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Queen’s Cinema / Queen’s Ballromm

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One of the thing that definitely changed in Wolverhampton is nightlife and entertainment in general: Queen’s Cinema is one of those places that everybody we interviewed talked about.

© Wolverhampton Artchives & Local Studies,

The Queen’s Cinema, with its own tea room, was designed by architects Robert Atkinson and George Alexander, to cater for the respectable middle classes who perhaps wouldn’t normally visit a picture house. It was built for Associated Provincial Picture Houses who specialised in providing this type of cinema. It opened on 30th September, 1914 and was Wolverhampton’s eighth cinema. When the talkies arrived, it was the second cinema in the town to become wired for sound, showing its first film with sound – ‘Weary River’- on 23rd September, 1932. Famous people such as the Earl of Dudley and the Prince of Wales paid occasional visits. On May 15, 1959, the cinema became a dance hall and was re-opened as the Queens Ballroom at a cost 30,000. Its popularity waned however, and it was finally demolished in 1978, and redeveloped by Lloyds Bank in 1980.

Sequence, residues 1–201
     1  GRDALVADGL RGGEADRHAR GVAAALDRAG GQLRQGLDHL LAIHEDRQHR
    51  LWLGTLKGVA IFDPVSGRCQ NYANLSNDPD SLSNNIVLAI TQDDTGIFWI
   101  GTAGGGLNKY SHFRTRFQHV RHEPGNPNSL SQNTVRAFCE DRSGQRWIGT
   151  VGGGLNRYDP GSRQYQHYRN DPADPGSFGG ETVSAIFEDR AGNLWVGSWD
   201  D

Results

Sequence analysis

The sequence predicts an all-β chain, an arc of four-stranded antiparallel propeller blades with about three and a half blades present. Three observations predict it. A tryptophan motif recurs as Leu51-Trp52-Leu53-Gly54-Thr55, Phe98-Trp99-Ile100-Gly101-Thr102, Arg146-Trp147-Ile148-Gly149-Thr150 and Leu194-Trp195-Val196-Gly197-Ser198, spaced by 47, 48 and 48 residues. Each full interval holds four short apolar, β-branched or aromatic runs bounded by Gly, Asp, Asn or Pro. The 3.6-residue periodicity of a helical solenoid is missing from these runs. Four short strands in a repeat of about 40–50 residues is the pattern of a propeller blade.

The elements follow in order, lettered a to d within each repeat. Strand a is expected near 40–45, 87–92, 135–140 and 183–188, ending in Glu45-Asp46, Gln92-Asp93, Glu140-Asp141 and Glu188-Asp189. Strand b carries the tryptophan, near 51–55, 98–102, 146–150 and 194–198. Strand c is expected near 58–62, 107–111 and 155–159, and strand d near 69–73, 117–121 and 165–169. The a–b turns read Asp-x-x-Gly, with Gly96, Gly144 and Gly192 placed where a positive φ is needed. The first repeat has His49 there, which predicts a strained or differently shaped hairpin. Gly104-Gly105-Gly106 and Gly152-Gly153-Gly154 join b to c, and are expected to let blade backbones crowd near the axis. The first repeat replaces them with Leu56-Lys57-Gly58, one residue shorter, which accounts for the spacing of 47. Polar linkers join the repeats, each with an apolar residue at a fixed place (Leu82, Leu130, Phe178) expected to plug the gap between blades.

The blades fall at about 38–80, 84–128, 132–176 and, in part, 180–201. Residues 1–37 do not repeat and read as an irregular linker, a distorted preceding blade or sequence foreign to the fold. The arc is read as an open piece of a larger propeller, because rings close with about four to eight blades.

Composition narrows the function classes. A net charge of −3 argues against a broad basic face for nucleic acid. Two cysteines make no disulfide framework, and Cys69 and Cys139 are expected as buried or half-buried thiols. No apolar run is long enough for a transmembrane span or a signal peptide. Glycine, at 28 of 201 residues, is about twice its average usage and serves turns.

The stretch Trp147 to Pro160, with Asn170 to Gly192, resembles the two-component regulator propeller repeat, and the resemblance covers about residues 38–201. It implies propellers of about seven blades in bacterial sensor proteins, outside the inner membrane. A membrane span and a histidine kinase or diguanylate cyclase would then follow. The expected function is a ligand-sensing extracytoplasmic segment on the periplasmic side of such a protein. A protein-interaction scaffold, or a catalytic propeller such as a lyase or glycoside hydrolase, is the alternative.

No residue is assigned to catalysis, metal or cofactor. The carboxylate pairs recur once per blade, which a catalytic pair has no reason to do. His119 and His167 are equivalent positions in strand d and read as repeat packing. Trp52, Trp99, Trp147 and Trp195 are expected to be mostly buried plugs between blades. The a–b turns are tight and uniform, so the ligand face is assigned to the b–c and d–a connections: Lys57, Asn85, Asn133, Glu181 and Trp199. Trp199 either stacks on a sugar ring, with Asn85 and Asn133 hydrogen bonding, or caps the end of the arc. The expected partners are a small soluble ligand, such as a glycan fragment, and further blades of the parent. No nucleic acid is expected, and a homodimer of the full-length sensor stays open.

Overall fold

Queen Square, Wolverhampton

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